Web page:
Related Links:

First posted 3/16/2023.

Sunday, April 7, 1985

Marillion released “Kayleigh”...my all-time favorite song



Writer(s): Fish, Mark Kelly, Ian Mosley, Steve Rothery, Pete Trewavas (see lyrics here)

Released: April 7, 1985

Peak: 74 US, 12 AR, 2 UK, 88 AU, 1 DF (Click for codes to singles charts.)

Sales (in millions): -- US, -- UK, -- world (includes US + UK)

Airplay/Streaming (in millions): -- radio, 14.3 video, 60.69 streaming


Click on award for more details.

About the Song:

Most posts on Dave’s Music Database are presented without personal commentary. This one is an exception. 1985 likely marked the most significant year of my life in terms of growth and discovery. I graduated from high school and headed to college. My sheltered upbringing was challenged as I learned to co-exist with people with vastly different backgrounds and lifestyles. I wouldn’t have had it any other way.

Similarly, my musical tastes would undergo a significant awakening. For my first 18 years I gravitated largely toward pop music. In grade school and middle school, I bought eight tracks of adult contemporary staples like Air Supply, John Denver, Neil Diamond, and Barry Manilow. By high school, my tastes leaned a bit more toward rock with Foreigner, Journey, REO Speedwagon, and Styx. However, in college I started listening to the heavier rock I’d previously snubbed my nose at – Led Zeppelin, Pink Floyd, and Rush.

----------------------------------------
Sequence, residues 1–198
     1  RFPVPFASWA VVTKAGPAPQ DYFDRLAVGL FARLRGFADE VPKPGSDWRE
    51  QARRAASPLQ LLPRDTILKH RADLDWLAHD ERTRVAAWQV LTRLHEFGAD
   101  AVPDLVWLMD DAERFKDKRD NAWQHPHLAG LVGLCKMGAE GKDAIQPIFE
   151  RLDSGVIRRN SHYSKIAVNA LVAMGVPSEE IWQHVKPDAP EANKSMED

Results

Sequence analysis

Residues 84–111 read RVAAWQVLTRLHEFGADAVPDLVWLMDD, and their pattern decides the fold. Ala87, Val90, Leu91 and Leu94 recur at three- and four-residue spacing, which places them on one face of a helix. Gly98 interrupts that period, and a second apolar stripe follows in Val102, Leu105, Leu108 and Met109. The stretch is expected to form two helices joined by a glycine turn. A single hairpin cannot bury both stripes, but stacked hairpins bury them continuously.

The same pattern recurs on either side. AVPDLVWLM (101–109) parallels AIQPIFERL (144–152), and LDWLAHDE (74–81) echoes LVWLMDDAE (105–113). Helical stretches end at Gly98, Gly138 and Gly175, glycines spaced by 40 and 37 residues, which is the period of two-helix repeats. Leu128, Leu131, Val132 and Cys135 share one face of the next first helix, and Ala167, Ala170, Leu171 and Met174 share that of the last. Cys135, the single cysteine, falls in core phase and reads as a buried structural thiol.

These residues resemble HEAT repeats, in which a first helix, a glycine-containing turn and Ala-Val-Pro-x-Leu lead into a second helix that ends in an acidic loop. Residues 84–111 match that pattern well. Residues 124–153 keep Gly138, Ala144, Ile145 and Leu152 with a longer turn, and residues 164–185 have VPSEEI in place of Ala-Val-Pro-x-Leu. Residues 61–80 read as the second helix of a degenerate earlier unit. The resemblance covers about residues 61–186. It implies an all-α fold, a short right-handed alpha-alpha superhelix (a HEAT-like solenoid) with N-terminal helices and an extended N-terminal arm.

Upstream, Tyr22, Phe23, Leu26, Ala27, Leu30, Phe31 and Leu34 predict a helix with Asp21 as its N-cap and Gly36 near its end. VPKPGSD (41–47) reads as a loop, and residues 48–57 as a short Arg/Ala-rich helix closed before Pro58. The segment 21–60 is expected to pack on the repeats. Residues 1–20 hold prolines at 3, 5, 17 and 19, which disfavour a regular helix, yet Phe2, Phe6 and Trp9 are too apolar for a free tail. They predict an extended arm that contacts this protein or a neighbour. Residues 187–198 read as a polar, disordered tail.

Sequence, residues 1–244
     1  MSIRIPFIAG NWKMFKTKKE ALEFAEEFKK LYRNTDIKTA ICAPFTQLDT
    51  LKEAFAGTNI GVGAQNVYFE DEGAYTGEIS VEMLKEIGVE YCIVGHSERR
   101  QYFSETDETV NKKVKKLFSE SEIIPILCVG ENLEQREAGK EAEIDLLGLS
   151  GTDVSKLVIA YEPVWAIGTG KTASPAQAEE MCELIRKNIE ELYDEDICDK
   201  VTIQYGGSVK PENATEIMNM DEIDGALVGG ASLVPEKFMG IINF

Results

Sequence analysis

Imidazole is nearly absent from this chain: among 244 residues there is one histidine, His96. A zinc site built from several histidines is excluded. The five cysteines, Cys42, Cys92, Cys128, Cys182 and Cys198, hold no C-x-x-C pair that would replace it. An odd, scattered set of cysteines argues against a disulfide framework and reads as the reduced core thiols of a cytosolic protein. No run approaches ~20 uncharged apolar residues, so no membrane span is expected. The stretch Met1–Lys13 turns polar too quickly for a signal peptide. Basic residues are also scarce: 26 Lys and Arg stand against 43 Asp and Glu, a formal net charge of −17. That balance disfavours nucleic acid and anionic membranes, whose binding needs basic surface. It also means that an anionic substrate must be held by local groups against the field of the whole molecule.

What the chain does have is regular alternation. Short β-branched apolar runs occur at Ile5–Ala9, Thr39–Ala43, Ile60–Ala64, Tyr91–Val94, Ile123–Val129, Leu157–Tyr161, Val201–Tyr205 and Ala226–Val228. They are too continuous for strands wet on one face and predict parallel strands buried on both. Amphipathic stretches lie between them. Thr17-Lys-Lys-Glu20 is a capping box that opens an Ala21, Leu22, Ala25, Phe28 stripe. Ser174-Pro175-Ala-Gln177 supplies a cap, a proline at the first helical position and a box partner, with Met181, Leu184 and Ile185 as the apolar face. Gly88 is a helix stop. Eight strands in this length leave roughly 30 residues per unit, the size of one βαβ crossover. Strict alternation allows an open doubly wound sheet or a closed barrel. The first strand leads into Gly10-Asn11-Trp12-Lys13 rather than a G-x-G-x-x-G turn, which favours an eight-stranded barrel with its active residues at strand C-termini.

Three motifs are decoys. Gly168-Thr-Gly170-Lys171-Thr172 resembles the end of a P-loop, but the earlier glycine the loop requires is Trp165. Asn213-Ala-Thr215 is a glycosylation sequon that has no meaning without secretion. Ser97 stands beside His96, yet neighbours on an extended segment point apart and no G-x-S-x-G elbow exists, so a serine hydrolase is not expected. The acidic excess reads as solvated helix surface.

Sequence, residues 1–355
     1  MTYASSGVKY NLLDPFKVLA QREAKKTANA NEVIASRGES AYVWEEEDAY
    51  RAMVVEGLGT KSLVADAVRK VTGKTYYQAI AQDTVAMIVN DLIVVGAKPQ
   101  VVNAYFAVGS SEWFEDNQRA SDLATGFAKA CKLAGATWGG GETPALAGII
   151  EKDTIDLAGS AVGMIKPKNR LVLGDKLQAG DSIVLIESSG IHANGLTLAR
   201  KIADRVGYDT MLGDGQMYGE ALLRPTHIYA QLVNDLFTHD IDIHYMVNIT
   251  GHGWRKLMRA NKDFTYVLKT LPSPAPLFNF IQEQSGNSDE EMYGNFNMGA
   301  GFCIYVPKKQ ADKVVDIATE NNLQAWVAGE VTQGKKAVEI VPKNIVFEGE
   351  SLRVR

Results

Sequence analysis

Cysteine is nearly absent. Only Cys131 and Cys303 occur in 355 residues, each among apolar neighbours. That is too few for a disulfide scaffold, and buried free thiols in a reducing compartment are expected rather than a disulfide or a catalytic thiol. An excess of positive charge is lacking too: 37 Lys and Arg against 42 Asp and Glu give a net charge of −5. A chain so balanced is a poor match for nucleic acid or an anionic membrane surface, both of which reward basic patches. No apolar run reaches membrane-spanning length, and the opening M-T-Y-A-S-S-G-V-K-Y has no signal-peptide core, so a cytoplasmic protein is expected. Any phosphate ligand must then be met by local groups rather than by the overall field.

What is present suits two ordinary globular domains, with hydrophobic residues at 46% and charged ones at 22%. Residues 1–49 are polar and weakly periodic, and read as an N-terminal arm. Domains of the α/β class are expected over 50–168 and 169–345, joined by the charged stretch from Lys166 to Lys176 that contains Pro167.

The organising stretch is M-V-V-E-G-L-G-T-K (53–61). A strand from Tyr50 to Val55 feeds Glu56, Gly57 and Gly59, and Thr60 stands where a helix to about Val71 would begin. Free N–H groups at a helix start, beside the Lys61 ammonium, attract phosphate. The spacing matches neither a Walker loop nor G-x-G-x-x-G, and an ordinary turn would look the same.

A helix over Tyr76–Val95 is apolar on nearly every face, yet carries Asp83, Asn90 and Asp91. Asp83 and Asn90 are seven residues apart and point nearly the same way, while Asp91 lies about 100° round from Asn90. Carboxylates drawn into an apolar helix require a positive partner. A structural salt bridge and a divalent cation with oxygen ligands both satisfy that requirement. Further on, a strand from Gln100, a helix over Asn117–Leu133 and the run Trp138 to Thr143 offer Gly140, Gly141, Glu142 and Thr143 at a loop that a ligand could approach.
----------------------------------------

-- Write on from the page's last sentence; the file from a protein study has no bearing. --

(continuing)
My greatest discovery, though, was a band practically no one in America had heard of – Marillion. My local album-rock station played just enough of the song “Kayleigh” to get me curious. The song didn’t break any new ground with its failed-love theme, but it explored the idea with some of the best lyrics I’d ever heard:

Do you remember chalk hearts melting on a playground wall
Do you remember dawn escapes from moon-washed college halls
Do you remember the cherry blossom in the market square
Do you remember I thought it was confetti in our hair

By the way didn’t I break your heart?
Please excuse me, I never meant to break your heart
So sorry, I never meant to break your heart
But you broke mine

Fish did date a woman named Kay Lee, but said the song was a composite of several “deep and meaningful relationships that basically I’d wrecked because I was obsessed with the career and where I wanted to go.” WK It was an apology to some of the women he’d dated. WK While the song went largely unnoticed in the U.S., its #2 peak in the UK gave rise to the popularity of the name there. WK

I loved the song even if American radio didn’t. Several times I picked up the cassette of the song’s parent album, Misplaced Childhood, in Camelot music store and pondered the fascinating cover art done by Mark Wilkinson of a young boy, barefoot and in a military uniform. I knew nothing about this group. Was it worth taking a risk? The answer was a resounding yes. When I finally took the leap I discovered a neo-progressive rock group from England helmed by a singer and lyricist nicknamed Fish. “Kayleigh” “Kayleigh” was the centerpiece of a concept album about the downfall of the protagonist because of his failed relationship and difficulty in coping with fame. In the end, his rediscovery of the innocence of childhood leads to his rebound.

I found out this was the band’s third album, which led me to delve into their back catalog. “Kayleigh,” Misplaced Childhood, and Marillion became my all-time favorite song, album, and group. I didn’t “break up” with what some considered immature musical tastes; instead I celebrated the music of my childhood even as I discovered new directions in adulthood. It became the philosophy that has governed my music appreciation ever since.


Related Links:

First posted 11/18/2019; last updated 8/5/2022.